v4.7: Limbo, aka PHPtemplate. Page, node, block and comment templates. Currently the dominant engine.
v5.0: No changes
v6: Pure CSS themes, drive toward separating out presentation. Info files create themes.

Displays the structure of Info files: Stylesheets, scripts, regions, features.

More granular control over content. Data sanitized; fewer inadvertent security holes.

Some code comparisons. Way better.

v6 offers theme inheritance. Set base theme, make whatever changes you want. Use well-named classes to identify areas (though not yet complete).

Template engine is now just a set of tags.

Time to show some code! (Writes 4 lines into demo.info) This is a naked Drupal. No Divs, no Tables, a semantic page. Adds another line: base theme = garland. Looks like Garland (standard theme).

Adds another line to reference a stylesheet. To override an existing stylesheet, reference the same name as the existing stylesheet in the Info file.

Default node template: node.tpl.php. Copy file into your site and modify (un-comment) as you wish.

Cool stuff!

There is one more session scheduled, but this reporter’s brain is getting full. I believe I’m going to call it a day, blogging-wise. I’ve got some summary ideas, which I’ll share when I get refreshed. I’ll also add links and otherwise make pretty. Thanks for reading along. Please comment as the spirit moves.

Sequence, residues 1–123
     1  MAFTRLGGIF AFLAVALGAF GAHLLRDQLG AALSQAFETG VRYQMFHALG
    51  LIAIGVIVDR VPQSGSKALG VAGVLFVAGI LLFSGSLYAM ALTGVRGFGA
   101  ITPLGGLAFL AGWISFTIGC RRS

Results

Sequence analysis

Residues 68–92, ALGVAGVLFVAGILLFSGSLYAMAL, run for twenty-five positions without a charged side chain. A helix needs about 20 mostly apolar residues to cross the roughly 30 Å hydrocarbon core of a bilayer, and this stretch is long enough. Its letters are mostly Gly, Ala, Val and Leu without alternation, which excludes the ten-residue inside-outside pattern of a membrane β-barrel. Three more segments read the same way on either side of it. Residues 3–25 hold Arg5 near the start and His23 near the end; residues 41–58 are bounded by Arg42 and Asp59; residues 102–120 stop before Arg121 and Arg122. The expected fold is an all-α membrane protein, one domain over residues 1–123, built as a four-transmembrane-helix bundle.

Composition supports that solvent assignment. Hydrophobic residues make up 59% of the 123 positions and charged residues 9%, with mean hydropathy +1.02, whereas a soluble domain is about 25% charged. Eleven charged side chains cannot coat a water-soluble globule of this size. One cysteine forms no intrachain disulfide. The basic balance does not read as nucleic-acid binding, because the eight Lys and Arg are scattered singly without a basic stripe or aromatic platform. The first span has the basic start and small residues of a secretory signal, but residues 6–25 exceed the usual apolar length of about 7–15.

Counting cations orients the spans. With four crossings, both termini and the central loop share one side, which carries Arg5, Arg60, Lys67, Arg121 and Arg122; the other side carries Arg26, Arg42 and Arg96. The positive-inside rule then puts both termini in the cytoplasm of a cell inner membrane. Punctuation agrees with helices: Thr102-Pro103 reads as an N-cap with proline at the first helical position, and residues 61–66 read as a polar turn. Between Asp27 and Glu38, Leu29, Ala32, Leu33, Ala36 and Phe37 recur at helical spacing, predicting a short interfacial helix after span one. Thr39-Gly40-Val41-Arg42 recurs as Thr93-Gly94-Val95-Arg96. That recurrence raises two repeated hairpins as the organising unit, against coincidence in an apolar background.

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After Dinner: Web Standards 100

(Update:  This is the eighth in a series of live posts from DrupalCampWisconsin, with a little cleanup and added links.)

Steven Merrill, Bradley U professor presents.

After a fine pizza dinner, we are having joint sessions on theming. It begins with a web standards lecture from Prof. Merrill.

References:
Zeldman (Designing with Web Standards)
Web Designer’s Reference
Save the Pixel

Sites:
A List Apart
CSS Zen Garden
CSSBeauty

Basic review of HTML history, from Vannevar Bush’s Memex to Tim Berners-Lee.
DNS, IPv6

HTML Page Structure: Head and Body. That’s it.
HTML Grammar: Tags and Attributes

Page titles are important, especially with tabbed browsers. Google also searches page titles.

Point behind web standards: Understanding the separation between HTML (Structure), CSS (Presentation) and JavaScript (Interactivity). Peruse CSS Zen Garden to see how different stylesheets display identical HTML text and tags.